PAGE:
Melbourne: Australia captain Michael Clarke doubts he will be fit for the start of the World Cup in February but hopes to be back at some stage during the tournament.
Clarke had surgery on his injured hamstring after straining it for a fourth time in as many months during the first Test against India in Adelaide.
Clarke came out of the surgery feeling positive but conceded on Saturday he would struggle to be fit for Australia's opening match against England on February 14.
"I'm really confident that the way things are progressing at the moment, that if I continue ticking the boxes, I'll be a really good chance for the World Cup," Clarke told host broadcaster Channel Nine.
"I think I'll certainly be fit and available for the majority of the World Cup.
"I'm hoping the selectors will give me the opportunity (to come back)," he added.
Steven Smith has been leading the Test side in Clarke's absence while George Bailey led the one-day international team during the recent series victory at home against South Africa.
After hurting his hamstring in Adelaide, a distraught Clarke told reporters he had to face the possibility that he might never play again.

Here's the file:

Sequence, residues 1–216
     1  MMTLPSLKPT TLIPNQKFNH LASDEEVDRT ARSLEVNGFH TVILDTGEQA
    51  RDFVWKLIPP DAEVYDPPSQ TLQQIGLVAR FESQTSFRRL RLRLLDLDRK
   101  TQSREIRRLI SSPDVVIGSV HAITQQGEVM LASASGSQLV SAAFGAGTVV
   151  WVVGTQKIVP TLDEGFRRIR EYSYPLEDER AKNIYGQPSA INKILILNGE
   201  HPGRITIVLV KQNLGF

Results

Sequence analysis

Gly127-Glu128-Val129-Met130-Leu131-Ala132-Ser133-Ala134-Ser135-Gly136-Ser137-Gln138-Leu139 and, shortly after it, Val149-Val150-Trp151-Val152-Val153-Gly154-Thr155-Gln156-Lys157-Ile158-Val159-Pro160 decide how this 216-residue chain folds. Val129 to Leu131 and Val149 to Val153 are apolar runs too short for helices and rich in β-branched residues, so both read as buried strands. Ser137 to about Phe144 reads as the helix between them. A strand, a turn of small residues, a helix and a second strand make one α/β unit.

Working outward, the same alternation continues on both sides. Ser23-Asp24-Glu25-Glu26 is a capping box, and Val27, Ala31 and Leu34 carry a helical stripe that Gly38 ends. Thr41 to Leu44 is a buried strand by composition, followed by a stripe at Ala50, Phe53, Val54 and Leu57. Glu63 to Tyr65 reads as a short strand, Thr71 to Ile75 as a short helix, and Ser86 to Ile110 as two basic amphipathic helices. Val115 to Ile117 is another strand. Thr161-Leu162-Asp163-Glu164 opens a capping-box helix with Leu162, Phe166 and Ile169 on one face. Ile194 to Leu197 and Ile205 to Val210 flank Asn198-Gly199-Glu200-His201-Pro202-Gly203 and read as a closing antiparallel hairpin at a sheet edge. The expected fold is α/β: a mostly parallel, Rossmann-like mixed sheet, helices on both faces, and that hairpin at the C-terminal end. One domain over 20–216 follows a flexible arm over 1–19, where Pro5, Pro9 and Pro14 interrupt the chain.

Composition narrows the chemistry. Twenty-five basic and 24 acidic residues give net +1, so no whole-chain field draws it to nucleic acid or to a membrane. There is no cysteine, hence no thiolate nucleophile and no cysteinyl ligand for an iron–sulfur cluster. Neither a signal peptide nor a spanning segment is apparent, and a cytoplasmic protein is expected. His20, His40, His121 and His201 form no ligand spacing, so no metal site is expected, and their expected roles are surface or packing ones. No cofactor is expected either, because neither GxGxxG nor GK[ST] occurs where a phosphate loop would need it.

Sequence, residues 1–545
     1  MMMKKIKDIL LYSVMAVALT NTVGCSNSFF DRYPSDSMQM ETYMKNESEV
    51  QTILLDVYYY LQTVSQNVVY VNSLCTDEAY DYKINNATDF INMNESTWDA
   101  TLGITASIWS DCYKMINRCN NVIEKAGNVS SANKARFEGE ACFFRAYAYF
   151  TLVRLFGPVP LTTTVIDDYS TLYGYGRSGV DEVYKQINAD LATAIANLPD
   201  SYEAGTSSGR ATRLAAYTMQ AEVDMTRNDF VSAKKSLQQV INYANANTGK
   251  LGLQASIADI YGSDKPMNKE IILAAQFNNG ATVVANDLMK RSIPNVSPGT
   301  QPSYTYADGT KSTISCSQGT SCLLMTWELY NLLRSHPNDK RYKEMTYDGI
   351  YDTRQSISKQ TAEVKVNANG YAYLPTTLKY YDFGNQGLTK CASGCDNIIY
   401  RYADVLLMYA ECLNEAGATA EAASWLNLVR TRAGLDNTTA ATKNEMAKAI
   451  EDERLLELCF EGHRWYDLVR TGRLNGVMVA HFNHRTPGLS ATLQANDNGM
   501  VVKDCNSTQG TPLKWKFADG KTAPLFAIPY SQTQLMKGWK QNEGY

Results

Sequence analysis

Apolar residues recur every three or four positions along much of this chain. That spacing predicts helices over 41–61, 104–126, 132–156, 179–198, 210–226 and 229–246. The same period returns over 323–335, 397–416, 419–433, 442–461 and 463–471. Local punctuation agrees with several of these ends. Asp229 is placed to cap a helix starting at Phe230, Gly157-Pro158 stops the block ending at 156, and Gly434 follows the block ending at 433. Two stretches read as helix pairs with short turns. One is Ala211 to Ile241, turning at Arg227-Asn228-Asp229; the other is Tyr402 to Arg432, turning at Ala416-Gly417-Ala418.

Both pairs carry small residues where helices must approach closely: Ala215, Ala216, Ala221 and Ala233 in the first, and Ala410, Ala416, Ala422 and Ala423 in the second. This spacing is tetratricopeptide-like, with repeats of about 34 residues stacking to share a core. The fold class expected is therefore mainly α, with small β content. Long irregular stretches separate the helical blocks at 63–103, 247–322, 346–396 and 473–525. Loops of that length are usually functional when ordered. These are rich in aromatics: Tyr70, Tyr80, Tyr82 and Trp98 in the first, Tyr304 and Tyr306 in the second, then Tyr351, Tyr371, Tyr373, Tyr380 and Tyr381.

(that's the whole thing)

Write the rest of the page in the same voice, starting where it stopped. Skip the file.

He has since rowed back on those comments and remains determined to take back the reins.
Clarke said he put his reaction in Adelaide down to being "extremely emotional" and he had since been given confidence from surgeons that the hamstring tendon he had repaired was otherwise in sound condition.
With Clarke likely to miss the first part of the World Cup, Bailey is well placed to lead, though Smith has mounted a compelling case, bashing three centuries in consecutive matches against India and also dominating South Africa's world class attack in the ODI series.
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